As if to indicate how Canada’s urban-rural “digital divide” might finally be bridged, Bell Canada and Nortel Networks are teaming up to study the effects of advanced communication technology on one far-flung location.
“Project Chapleau” will see Bell expand its fibre-optic network in Chapleau, Ont., a town 320 kilometres northeast of Sault Ste. Marie with 3,000 inhabitants. Besides the Bell fibre enhancement, Nortel will install a wireless mesh network in the municipality for local, mobile hooks into the fibre backbone. Thus the firm’s aim is to bring high-speed Web connectivity to the area, a first for Chapleau.
As well as the new network, project stakeholders will give Chapleau citizens access to video conferencing and other collaborative technologies. Over a period of time the venture will scrutinize the ways in which people use the new applications, to investigate the effects of these novel programs on government services, medicine, education and economic development.
“Over the next 18 months we will work with Bell…and Nortel to analyze the long-term economic needs of the community and determine how best to use these new broadband services,” said Chapleau Mayor Earle Freeborn in a statement.
Much has been written about the gap between this nation’s digital have and have-not communities. Communication-industry observers have long mentioned that although Canada’s urban centres like Vancouver, Toronto and Montreal rarely lack the quick information access that high-speed Web links afford, smaller areas like Chapleau go without such productivity boosters.
In a world where fast Internet connectivity is a must for business, enterprises short of these increasingly requisite services face extinction for the dearth of data conduits.
In the past carriers explained that it wasn’t economically feasible to expand their high-speed offerings beyond the nation’s urban hubs. Rural areas offered little return on investment for the likes of Bell. But that might be changing.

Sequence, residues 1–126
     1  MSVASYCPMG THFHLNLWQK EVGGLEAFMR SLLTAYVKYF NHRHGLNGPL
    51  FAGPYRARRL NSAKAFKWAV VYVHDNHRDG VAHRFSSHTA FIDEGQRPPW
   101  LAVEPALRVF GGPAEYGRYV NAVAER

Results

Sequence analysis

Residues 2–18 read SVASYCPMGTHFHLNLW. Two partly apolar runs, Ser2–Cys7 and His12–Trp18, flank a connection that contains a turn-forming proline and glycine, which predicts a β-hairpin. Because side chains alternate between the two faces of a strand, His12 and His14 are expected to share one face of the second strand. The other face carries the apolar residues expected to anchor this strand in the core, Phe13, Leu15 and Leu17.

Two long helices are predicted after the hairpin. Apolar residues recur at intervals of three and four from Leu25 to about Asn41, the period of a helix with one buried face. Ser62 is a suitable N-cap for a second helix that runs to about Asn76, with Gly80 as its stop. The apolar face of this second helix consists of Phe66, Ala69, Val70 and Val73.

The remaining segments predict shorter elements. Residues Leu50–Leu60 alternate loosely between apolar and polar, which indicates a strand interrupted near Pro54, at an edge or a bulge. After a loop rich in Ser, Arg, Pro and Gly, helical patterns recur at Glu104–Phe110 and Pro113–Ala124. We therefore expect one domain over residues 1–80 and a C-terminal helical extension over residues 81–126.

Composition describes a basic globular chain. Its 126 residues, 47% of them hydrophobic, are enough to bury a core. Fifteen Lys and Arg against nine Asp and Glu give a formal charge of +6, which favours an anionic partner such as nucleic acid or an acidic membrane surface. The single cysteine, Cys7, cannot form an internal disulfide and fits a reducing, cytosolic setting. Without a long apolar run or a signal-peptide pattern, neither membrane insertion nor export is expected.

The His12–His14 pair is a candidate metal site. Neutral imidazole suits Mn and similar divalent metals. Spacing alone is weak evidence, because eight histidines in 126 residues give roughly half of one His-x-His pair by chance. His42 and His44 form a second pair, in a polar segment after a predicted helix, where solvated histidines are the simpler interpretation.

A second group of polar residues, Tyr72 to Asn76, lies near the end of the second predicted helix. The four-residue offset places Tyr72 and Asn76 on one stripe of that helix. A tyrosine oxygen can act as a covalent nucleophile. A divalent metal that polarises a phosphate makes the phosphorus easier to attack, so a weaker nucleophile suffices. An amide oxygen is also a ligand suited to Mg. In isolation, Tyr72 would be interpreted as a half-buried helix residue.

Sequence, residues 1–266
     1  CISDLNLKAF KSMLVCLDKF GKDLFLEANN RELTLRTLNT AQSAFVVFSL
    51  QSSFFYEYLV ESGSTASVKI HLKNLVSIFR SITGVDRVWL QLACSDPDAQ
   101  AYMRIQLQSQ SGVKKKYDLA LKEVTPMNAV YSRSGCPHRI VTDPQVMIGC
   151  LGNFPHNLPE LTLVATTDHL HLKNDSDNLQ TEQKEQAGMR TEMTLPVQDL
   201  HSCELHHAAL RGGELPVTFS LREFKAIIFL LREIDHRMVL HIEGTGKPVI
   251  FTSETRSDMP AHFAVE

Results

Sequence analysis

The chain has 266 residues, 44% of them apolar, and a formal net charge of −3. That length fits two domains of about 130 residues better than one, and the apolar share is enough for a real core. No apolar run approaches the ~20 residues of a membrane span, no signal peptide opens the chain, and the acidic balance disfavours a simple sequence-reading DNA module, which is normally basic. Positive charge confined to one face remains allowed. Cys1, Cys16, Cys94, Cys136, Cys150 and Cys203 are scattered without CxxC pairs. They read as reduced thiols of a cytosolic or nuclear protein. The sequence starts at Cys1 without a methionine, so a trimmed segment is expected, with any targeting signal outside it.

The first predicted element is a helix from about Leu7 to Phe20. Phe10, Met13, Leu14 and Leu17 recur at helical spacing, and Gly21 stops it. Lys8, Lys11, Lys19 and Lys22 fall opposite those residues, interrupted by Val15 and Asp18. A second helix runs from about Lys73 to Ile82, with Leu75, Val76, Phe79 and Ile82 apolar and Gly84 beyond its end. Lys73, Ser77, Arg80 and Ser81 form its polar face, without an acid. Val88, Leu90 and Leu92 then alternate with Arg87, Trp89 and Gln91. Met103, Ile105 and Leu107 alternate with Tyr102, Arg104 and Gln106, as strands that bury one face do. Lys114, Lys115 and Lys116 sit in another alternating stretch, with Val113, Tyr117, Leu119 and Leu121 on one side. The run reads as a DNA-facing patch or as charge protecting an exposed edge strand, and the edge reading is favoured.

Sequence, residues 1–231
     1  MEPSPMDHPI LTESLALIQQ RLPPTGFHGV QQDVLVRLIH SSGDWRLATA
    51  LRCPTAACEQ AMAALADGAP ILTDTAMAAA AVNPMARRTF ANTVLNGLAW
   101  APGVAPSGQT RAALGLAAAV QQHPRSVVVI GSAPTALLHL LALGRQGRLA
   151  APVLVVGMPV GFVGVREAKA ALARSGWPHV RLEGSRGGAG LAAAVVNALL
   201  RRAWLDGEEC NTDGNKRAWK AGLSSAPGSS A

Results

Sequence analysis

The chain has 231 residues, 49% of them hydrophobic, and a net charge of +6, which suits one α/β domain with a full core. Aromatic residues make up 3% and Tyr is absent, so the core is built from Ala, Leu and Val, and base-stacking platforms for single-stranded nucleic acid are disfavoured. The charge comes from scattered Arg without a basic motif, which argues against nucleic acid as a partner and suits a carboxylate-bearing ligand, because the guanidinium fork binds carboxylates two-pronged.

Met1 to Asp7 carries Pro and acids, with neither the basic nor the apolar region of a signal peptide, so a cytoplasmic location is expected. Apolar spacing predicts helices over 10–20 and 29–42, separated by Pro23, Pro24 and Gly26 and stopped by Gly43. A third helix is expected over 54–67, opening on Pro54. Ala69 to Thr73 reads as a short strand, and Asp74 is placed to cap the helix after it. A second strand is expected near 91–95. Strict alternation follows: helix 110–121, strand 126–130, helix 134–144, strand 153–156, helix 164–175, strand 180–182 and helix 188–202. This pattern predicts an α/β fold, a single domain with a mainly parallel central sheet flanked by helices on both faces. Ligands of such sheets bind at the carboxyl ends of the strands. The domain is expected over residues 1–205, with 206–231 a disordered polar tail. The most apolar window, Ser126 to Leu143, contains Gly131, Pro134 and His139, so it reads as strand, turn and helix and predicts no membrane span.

For instance, “by combining wired and wireless, it might be financially viable,” said Roberta Fox, president of Fox Group Consulting, a communication-tech advisory firm in Markham, Ont. Wireless networks like the one Nortel plans to create in Chapleau are less expensive than cable networks, so carriers might be able profit while servicing erstwhile unattractive markets. If carriers can reap positive ROI, perhaps they’ll further their reach and bring the increasingly crucial high-speed connectivity to more rural spots.
Chris Merritt, a Nortel vice-president, pointed out that whether by offering money-making applications or by building low-cost networks, carriers seek sustainable market expansion. Project Chapleau could help telcos and equipment providers discover the right balance in rural areas. “That’s one of the things we want to learn,” he said.
Network expansion can have a positive effect on hard-to-reach communities, said Bill Elliott, Fox Group’s director of business development and consulting. He participated in a project that saw the Lake Nipissing region seeded with high-speed Web connections a few years ago.
The then-new asymmetric digital subscriber line (ADSL) pipes improved the location’s economic prospects. For instance, Topex Inc., an explosives-technology provider in Bonfield, Ont., switched from shipping its products via courier to using the Web for delivering CAD/CAM drawings, digital photos and such to its clients.
“They’ve extended their business,” Elliott said of Topex. “That’s an example of the type of development that can happen when you have high-speed services.”
Speaking at a press conference last week, Brian McFadden, Nortel’s CTO, said Project Chapleau aims to further our collective understanding of the impact technology has on health care, government services and other aspects of public infrastructure.
Bell executive vice-president Lawson Hunter said Chapleau would be a showcase for the ways in which technology can help make remote communities seem that much more connected to the rest of the world.
Mayor Freeborn said Chapleau has had trouble marketing itself as a tourism destination, despite its close proximity to a 700,000-hectare nature preserve (the Chapleau Crown Game Preserve). He said the new Web links and communication apps might help his municipality make its presence known on the global stage.
For more information visit www.projectchapleau.sl.ca.